Director/Producer – Vipul Amrutlal Shah, Screenplay – Aatish Kapadia & Suresh Nair, Dialogue – Aatish Kapadia & Ritesh Shah, Based on the Play by Desai Gusarati, Photography – Sejal Shah, Music – Pritam, Lyrics – Irshad Kamil, Background Music – Salim-Sulaiman, Visual Effects – Pixion (Supervisor – Prasad Sutar), Production Design – Nitin Chandrakant Desat. Production Company – Sunshine Pictures Pvt. Ltd/Blockbuster Movie Entertainers/Cinema Capital Venture Fund/PVR Pictures.
Akshay Kumar (Kishen Chopra), Aditya Roy Kapur (Bunty Chopra), Aishwarya Rai Bachchan (Mala Malhotra Chopra), Rannvijay Singh Singha (Kundan lal Kapoor), Om Puri (Rai Bahadur Dyanchand), Kirron Kher (Bholi Devi), Neha Dhupai (Mona), Rajpal Yadav (Bhiku), Randhir Kapoor (Professor Anthony Gonsalves), Sudeepa Singh (Tanya Gonsalves)
Bunty Chopra is a single Mumbai man in his mid-thirties. He is unhappy because his parents are always arguing – his mother Mala is upset because his father Kishen, a successful restaurateur, never pays her any attention, while he resents her constant spending. This has affected Bunty so much that he refuses to marry his girlfriend Tanya Gonsalves. Tanya takes him to her uncle Anthony, a scientist, in the hope he can make Bunty see sense but Bunty is more interested in the uncle’s design for a time machine. At Bunty’s parents’ 35th wedding anniversary, the two finally decide to divorce after a bitter argument. A distraught Bunty goes to the professor and commandeers the time machine to return to 1975 just before his parents married. He visits the two where they live as neighbours under parents that are equally hard-headed and stubborn. The young Mala and her handsome friend Kundan delight in humiliating the nerdy Kishen. It is up to Bunty to get his father to stand up to himself and win Mala over to marrying him rather than Kundan.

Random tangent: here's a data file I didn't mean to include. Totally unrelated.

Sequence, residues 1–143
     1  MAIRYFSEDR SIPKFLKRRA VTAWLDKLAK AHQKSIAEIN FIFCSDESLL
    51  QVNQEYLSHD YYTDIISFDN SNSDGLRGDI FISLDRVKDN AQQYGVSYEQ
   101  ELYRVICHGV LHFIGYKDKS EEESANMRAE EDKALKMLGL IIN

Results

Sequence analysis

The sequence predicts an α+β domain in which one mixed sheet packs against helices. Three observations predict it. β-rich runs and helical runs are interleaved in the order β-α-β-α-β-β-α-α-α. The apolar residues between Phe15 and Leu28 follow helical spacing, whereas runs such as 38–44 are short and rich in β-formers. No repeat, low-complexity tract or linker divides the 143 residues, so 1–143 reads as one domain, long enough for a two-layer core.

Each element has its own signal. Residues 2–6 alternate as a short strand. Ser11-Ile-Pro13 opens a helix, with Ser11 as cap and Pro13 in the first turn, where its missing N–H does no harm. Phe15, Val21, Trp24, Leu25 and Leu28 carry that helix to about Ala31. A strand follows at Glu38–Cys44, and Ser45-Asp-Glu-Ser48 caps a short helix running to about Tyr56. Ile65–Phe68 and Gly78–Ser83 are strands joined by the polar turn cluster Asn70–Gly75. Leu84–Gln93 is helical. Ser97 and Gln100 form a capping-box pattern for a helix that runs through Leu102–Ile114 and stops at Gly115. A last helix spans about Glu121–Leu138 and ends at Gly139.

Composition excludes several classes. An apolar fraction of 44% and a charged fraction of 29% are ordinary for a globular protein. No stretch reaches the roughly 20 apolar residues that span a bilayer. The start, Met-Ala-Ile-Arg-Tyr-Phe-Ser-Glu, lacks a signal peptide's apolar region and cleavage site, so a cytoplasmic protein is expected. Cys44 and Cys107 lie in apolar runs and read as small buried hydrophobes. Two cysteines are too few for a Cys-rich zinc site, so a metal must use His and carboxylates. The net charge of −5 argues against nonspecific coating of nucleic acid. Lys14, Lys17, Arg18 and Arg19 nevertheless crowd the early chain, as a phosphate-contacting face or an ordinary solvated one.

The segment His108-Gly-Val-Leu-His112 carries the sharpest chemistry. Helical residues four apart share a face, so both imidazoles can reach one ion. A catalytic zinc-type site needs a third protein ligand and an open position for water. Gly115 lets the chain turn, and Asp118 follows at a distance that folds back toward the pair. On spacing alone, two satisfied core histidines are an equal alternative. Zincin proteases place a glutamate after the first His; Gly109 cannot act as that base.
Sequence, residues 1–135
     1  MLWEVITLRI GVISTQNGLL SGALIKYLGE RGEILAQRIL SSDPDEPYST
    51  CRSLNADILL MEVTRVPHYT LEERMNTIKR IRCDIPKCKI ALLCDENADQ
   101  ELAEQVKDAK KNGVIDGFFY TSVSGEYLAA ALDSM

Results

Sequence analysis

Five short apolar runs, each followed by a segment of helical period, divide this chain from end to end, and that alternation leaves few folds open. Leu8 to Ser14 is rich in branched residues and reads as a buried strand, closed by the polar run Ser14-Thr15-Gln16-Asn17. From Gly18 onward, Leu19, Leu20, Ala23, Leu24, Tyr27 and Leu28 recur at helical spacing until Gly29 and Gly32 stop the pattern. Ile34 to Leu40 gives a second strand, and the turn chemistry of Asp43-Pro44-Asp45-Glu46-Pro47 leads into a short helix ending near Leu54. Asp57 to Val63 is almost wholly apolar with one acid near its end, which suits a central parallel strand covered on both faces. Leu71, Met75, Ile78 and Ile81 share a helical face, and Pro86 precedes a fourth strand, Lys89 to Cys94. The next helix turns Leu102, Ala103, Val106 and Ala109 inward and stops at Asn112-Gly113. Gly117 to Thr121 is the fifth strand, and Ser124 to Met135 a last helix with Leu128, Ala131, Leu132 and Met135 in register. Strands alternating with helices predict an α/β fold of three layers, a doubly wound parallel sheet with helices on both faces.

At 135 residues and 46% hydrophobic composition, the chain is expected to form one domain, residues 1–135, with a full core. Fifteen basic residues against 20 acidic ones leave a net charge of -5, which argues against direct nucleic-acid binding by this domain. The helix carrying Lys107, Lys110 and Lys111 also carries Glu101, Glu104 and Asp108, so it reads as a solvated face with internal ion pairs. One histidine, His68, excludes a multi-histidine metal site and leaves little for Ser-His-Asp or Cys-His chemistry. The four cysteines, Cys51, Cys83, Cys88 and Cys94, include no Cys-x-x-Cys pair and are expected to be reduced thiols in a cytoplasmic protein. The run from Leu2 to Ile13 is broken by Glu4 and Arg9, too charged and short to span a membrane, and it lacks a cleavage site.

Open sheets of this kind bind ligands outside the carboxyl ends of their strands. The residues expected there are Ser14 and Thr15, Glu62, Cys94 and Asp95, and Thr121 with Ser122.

It surprises some people to learn that India has the largest movie-making industry of any country in the world. This has earned the nickname Bollywood, a concatenation of Bombay (Mumbai), the centre of Indian filmmaking, and Hollywood (although this term is technically a misnomer as a great many films are also made outside of Mumbai). Bollywood cinema is different to Hollywood moviemaking. Films are generally made on much lower budgets. Much of Bollywood’s output seems made to a single formula, one that seems to involve a mix of romance, drama and a good deal of singing and dancing, but rarely much in the way of genre bending or venturing outside of this – there is, for example, very little horror and science-fiction made in Bollywood.
Bollywood also has no equivalent of the Hollywood studio system – films are independently financed and can sometimes be backed by disreputable and underworld sources. Bollywood often blatantly borrows their plots from Western models and in ways that would almost certainly cause copyright lawsuits anywhere else – presumably their distance from Hollywood and the fact that the films are not being widely seen by English-speaking audiences allows Bollywood filmmakers to get away with far more.